Lee and I were driving downtown yesterday, later than I had wanted to go, it was Texas nuclear hot, and nobody had eaten. Lee announced that he had to have something to eat before we went to the Nasher. When a college boy says he has to eat, he has to eat.
I threw the criteria in to my head…
-We were headed downtown (not a lot of action downtown on the weekends – shame on Dallas)
-We were in a hurry (no sit down restaurants)
-No chain-type fast food (general rule of mine, whenever given a choice, I choose local, privately owned – have to support the peeps)
I did not have much of an idea until an old, musty memory came bubbling up. I was at the Dallas Farmer’s Market, buying vegetables, and I saw a Taqueria in a run-down stand right in the middle of things. I remember wanting to eat there in the worst way, but we had other plans that day.
Tex-Mex is not my favorite, but I love Taqueria food. Incredibly unhealthy, probably not too sanitary – but fast, spicy, and good. What can be better?
“I think there’s a taco stand in the Farmer’s Market, Lee. It’s not too far from the Nasher, can you handle that?” I said to Lee.
“Go for it,” he said. So I exited on Good-Latimer and threaded my way through the giant glass canyons of downtown to the Farmer’s Market.
The place was hopping. The ragged field that serves as a parking lot was filling up – groups and families were wandering around with bags of vegetables, flats of bedding plants, and carts with Mexican clay pots and sculptures. A street musician was playing wildly inappropriate music (I have never heard Steve Miller’s Swingtown done by a busker before) and they were setting up a stage for a cooking demonstration.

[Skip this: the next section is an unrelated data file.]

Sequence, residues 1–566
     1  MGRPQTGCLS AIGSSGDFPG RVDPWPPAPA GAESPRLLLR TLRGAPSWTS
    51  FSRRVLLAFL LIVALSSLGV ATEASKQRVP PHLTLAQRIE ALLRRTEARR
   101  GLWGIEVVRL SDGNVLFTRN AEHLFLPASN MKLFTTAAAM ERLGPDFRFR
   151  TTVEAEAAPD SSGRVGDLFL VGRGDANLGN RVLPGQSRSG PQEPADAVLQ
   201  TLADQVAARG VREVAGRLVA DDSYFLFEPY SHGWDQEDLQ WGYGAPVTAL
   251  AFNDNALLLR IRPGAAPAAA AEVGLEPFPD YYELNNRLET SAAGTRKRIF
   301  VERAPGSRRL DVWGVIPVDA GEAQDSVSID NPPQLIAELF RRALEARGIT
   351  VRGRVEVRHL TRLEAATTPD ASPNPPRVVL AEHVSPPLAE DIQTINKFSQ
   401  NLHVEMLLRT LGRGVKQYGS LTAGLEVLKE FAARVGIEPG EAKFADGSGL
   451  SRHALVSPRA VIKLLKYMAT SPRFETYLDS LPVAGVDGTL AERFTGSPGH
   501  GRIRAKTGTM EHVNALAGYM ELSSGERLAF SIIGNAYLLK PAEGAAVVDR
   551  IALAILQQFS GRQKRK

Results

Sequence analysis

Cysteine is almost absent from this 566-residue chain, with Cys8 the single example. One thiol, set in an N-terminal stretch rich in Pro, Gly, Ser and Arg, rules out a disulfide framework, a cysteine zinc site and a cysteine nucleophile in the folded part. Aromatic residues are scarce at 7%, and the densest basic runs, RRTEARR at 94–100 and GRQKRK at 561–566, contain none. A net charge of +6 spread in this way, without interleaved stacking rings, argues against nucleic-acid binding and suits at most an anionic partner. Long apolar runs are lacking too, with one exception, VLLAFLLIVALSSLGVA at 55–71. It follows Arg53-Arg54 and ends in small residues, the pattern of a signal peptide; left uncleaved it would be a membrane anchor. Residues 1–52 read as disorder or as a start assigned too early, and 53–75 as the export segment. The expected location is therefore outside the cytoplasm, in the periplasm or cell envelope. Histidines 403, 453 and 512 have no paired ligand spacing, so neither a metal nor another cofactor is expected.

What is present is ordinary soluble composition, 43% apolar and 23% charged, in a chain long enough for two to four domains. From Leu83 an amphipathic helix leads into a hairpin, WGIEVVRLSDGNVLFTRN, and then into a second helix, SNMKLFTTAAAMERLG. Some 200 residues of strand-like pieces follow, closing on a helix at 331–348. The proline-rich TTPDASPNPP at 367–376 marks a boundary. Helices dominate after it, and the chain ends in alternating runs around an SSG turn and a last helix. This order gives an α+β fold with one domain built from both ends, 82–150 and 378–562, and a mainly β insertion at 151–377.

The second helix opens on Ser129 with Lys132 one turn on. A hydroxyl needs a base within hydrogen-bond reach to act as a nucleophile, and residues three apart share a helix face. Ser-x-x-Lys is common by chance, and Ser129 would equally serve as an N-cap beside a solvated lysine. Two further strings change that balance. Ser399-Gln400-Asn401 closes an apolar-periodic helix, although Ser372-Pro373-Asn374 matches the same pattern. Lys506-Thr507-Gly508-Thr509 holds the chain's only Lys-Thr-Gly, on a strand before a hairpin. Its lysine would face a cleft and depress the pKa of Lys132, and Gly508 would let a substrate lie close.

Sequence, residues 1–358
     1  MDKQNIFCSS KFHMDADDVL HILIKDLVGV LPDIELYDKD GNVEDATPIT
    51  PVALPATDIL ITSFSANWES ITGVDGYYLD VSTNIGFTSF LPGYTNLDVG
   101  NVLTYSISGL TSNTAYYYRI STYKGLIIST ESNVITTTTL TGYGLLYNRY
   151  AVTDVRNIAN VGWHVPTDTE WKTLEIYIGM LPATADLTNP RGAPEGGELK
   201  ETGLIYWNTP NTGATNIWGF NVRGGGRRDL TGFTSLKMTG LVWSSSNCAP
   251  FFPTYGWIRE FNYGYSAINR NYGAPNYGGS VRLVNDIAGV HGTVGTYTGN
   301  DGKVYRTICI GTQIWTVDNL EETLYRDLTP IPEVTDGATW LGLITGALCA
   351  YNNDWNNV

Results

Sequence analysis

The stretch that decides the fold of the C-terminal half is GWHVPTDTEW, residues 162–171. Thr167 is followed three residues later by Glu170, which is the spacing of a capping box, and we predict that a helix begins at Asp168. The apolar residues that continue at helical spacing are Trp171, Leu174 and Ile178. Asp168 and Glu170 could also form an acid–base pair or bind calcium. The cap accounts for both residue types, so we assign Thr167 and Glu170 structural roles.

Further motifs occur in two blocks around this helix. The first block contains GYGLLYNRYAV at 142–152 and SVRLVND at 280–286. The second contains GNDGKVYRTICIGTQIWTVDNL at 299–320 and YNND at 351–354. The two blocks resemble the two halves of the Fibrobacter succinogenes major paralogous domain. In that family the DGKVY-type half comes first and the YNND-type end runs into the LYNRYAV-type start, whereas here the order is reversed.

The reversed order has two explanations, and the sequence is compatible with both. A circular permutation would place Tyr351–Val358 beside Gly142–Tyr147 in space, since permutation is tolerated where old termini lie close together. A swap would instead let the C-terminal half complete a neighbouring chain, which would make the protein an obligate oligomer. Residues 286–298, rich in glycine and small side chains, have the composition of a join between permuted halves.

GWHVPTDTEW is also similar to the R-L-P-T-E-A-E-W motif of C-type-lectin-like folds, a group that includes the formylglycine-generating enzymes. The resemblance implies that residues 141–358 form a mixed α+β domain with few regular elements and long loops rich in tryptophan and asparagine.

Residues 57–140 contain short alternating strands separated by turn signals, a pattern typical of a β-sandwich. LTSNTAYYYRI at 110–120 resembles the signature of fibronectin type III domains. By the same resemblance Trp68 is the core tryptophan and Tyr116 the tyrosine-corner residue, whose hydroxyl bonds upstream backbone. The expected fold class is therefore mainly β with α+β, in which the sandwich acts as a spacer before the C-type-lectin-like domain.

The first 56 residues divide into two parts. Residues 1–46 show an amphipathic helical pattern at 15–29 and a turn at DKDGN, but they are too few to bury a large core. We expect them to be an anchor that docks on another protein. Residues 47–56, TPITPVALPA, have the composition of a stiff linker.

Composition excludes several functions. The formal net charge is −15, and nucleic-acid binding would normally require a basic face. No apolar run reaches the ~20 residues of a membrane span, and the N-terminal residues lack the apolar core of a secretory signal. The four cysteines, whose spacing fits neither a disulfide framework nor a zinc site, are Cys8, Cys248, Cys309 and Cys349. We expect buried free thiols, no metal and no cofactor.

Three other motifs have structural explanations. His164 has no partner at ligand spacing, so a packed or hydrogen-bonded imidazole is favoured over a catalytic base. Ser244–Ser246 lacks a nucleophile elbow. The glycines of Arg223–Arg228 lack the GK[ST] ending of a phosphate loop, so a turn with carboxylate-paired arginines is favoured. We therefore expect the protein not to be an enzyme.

I love the Dallas Farmer’s Market and am glad that it has become so popular (at least on a Saturday morning). I’ve been going there ever since I worked downtown twenty years ago and would walk over for a bag of tomatoes before taking the bus home to Lower Greenville.
It has grown quite a bit since then – the area is now surrounded by condominium urban-hipster type developments and the city has built a new air-conditioned “shed” to accommodate more retailers than the traditional farmers and wholesalers that still line up in the lines of stalls in the old open sheds.
We walked up and in front of the new “Shed Number 2” was, sure enough, a run-down, rounded, concrete building with a sign that said, “La Marketa Cafe” and a big, hand-lettered menu board.
I asked if it was still early enough for breakfast and it was. The menu was complex, but we quickly settled on tacos and burritos – corn and flour – and the options:
“Two tacos, one corn, one flour, one sausage, one beans&cheese, one burrito…, bacon and two bottles of water.”
I had to repeat it twice, but I didn’t really care if they got it right. It’s all good. They asked if I wanted “everything?” and I said, of course, “Sure.”
The food wasn’t very fast (there were a lot of people ordering and waiting), but it was very, very good. Large, full of eggs, onions. and peppers and “everything.” The best was the sauce (that’s the most important thing isn’t it?). Two paper ramekins – one with a hearty red, the other a wonderful spicy guacamole (I hate wimpy guacamole).
La Marketa Cafe (I have no idea where the Cafe come from) has now risen to the top of my extensive list of approved taquerias.
Now I want to go back, early, when there is a little cool morning air left wafting around, have some tacos, watch some people. I might even pick out a bag of tomatoes before I go back home.